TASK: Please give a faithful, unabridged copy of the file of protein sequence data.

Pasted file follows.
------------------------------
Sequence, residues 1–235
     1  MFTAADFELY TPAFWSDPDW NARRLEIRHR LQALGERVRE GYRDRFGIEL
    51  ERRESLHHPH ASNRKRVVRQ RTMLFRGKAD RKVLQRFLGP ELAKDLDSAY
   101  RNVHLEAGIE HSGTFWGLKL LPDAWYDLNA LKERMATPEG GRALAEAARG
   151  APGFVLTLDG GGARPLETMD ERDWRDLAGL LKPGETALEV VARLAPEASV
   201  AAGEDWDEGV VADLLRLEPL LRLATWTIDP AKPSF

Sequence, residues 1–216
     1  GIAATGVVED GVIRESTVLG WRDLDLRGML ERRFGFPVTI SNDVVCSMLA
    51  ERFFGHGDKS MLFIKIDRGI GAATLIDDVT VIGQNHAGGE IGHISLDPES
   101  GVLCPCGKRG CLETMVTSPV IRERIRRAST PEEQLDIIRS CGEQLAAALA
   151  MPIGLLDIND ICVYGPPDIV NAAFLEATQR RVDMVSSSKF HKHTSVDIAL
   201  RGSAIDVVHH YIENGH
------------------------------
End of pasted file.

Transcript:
Sequence, residues 1–235
     1  MFTAADFELY TPAFWSDPDW NARRLEIRHR LQALGERVRE GYRDRFGIEL
    51  ERRESLHHPH ASNRKRVVRQ RTMLFRGKAD RKVLQRFLGP ELAKDLDSAY
   101  RNVHLEAGIE HSGTFWGLKL LPDAWYDLNA LKERMATPEG GRALAEAARG
   151  APGFVLTLDG GGARPLETMD ERDWRDLAGL LKPGETALEV VARLAPEASV
   201  AAGEDWDEGV VADLLRLEPL LRLATWTIDP AKPSF

Sequence, residues 1–216
     1  GIAATGVVED GVIRESTVLG WRDLDLRGML ERRFGFPVTI SNDVVCSMLA
    51  ERFFGHGDKS MLFIKIDRGI GAATLIDDVT VIGQNHAGGE IGHISLDPES
   101  GVLCPCGKRG CLETMVTSPV IRERIRRAST PEEQLDIIRS CGEQLAAALA
   151  MPIGLLDIND ICVYGPPDIV NAAFLEATQR RVDMVSSSKF HKHTSVDIAL
   201  RGSAIDVVHH YIENGH